Book review: ‘The Aviator’s Wife’
Special to the Daily
Good ol’ summertime — time to lie in the hammock, engrossed in a book filled with so much adventure, mystery, romance and heartbreak that you soon forget the world around you. Melanie Benjamin’s “The Aviator’s Wife” is sure to do the trick.
As the saying goes, truth can be stranger than fiction, and so is the story of Anne Morrow Lindbergh and her hero husband, Lucky Lindy. Many biographies have been written about the couple, but Benjamin takes a fictional approach by telling the story through the eyes of Anne. This method is effective in revealing the powerful psychological grip that Lindbergh had on his wife and her eventual strength to break free of his grasp.
“The Aviator’s Wife” begins like a fairy tale. Anne Morrow, the shy, mousey daughter in comparison to her attractive older sister, is all but swept away when her handsome prince, Charles Lindbergh, asks her to marry him. Lindbergh has just celebrated his 1927 solo flight across the Atlantic and is looked upon by most people as a god.
Benjamin brilliantly captures Anne’s sophomoric enchantment with Lindy and her complete faith in his godlike abilities. Her entire life becomes consumed with a desire to please her husband, as she learns how to fly and travels with him to foreign and dangerous countries with unwavering trust — all the while leaving her five children behind. In one scene, Lindbergh realizes that their plane is missing a landing wheel and they will have to make a crash landing: “I was calm. So was he. The air inside the plane suddenly felt heavy, pressing me into my seat, and our voices sounded deadened to my ears. Still, I was not afraid. I trusted Charles Lindbergh, the man who had conquered the sky, to bring me back safely to earth.” The airplane flips over on landing, but they both survive; the incident only reinforces Anne’s belief in her husband’s godlike qualities.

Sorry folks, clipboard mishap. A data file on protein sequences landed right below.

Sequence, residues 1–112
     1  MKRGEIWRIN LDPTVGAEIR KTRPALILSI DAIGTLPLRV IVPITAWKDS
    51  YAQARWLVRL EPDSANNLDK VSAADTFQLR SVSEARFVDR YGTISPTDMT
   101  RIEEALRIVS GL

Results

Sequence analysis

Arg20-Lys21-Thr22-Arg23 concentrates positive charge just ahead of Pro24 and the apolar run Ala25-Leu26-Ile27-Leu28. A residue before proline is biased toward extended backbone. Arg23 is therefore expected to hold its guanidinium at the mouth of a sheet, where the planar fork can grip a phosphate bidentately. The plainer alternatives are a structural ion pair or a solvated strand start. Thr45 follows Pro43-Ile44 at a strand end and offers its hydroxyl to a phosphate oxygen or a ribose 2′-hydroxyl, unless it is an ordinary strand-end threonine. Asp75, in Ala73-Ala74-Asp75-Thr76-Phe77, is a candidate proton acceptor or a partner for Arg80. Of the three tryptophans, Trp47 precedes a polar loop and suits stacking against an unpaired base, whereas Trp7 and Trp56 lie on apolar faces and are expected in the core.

As the years continue, the Lindberghs try to lead private lives, even though Lucky Lindy’s fame catapults him to a stature in which they are persecuted by the press and fans. (You think paparazzi are bad today — the press even took photos of their dead child’s remains!) It is this unwanted attention that ultimately leads to the abduction of their son from his bedroom window. And yet, still, Anne’s undaunted faith in her husband — especially her belief that he alone could bring her child back by giving into the ransom demands of the kidnappers — gives her hope. It comes as a crushing blow when their child’s remains are discovered and Anne realizes that her husband is fallible.
Charles refuses to talk about their child and tells her to forget about him. “But as time went on, and even with my sextant I still couldn’t locate his grief, I knew this would poison me against him. It would poison us — the Lucky Lindberghs, the First Couple of the Air.” From this point on, Benjamin portrays a changed Anne, who begins to lose faith in her husband and ultimately finds a way to make a life for herself outside of his shadow. Anne Morrow Lindbergh became the first American woman to earn a first-class glider pilot’s license and also went on to publish an extremely popular bestselling book, “Gift from the Sea.”
Visit your local Summit County library for this treasure, as well as many other wonderful summertime reads.
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